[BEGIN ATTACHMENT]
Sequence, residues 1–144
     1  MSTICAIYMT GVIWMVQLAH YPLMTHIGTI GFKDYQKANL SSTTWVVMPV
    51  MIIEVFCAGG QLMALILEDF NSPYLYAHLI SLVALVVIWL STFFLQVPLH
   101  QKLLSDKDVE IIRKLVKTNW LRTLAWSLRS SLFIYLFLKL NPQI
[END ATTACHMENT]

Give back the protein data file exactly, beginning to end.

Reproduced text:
Sequence, residues 1–144
     1  MSTICAIYMT GVIWMVQLAH YPLMTHIGTI GFKDYQKANL SSTTWVVMPV
    51  MIIEVFCAGG QLMALILEDF NSPYLYAHLI SLVALVVIWL STFFLQVPLH
   101  QKLLSDKDVE IIRKLVKTNW LRTLAWSLRS SLFIYLFLKL NPQI